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Intentional Planning in Language Arts

Article by Katie Currens, CUES Consultant

Essential questions are often talked about when planning a thematic unit. We use them as a way to provoke inquiry and to have students dig deeper with their own questions as a way to reach a greater understanding. As professionals, we know the value in inquiry, but sometimes we seem to forget just how “simple” it can be.
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Inspiration, The Podcast: Curiosity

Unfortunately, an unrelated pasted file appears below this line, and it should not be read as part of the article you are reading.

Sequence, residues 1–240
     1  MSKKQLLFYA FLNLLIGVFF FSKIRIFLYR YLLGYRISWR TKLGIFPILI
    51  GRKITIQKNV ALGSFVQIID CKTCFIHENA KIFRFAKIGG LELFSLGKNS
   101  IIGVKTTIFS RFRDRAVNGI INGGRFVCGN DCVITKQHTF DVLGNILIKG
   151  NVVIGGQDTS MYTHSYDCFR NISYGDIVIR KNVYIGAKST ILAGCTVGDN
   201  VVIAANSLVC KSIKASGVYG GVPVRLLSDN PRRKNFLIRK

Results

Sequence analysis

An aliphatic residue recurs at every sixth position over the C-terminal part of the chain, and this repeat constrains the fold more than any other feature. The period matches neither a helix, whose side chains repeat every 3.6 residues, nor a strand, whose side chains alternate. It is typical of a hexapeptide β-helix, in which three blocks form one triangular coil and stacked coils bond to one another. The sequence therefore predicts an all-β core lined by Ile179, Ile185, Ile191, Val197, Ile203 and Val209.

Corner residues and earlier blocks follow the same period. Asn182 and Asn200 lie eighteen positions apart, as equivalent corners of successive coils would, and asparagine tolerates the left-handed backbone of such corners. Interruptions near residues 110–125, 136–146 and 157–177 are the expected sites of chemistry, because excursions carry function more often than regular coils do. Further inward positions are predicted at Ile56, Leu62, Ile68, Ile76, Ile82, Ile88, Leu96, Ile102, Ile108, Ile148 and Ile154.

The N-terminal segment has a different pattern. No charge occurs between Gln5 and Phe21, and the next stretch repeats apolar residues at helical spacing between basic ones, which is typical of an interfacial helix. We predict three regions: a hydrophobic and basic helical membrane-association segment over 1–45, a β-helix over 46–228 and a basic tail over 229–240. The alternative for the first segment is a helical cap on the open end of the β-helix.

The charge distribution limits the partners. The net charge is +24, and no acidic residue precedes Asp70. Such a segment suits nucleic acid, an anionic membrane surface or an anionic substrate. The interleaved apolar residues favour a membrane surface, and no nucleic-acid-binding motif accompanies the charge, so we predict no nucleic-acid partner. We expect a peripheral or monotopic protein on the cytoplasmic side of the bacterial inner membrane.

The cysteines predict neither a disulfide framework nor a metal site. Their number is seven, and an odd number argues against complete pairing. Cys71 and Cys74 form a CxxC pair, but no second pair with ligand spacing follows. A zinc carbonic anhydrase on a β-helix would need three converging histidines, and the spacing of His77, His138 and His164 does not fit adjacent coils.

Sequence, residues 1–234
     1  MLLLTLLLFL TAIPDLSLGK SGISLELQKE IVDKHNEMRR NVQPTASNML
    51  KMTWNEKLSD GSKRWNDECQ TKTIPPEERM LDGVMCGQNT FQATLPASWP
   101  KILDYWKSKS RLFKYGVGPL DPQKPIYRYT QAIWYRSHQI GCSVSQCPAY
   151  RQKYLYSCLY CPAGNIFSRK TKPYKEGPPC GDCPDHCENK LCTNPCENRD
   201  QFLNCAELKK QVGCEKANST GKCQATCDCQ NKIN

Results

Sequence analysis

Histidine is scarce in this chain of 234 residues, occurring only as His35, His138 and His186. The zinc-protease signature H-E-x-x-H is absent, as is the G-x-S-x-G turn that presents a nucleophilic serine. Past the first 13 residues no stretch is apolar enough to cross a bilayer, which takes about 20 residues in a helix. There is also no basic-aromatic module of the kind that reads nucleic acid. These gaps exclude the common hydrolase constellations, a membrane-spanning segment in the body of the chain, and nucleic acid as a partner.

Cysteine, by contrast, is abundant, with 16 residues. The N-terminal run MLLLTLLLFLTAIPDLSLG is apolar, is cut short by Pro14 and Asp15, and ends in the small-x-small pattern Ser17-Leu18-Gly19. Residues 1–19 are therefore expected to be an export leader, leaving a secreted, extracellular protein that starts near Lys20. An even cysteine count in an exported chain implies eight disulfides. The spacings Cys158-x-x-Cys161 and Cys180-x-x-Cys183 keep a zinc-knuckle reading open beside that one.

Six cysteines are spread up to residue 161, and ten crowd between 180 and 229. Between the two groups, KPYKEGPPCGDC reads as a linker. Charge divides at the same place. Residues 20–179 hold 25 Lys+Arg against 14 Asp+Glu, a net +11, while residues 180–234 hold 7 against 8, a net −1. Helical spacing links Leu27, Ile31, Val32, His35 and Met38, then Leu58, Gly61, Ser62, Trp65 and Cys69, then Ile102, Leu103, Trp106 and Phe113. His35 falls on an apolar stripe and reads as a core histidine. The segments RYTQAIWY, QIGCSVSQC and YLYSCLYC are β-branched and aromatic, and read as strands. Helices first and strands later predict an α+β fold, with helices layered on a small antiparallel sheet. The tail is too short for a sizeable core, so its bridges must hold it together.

Do you want to breathe new life into your classrooms? Check out our free podcast on “Curiosity” from our “Inspiration” series (embedded below). If you want to learn more, click here to sign up for our new PD scheduled on January 26, 2017. Administrators and teachers will not only learn new strategies and examples for infusing classrooms with inspirational traits, they will also leave with one of our new teaching guidebooks, Inspiration: Breathing New Life into Classrooms (included in registration fee), designed to help teachers (and schools) transform their practice.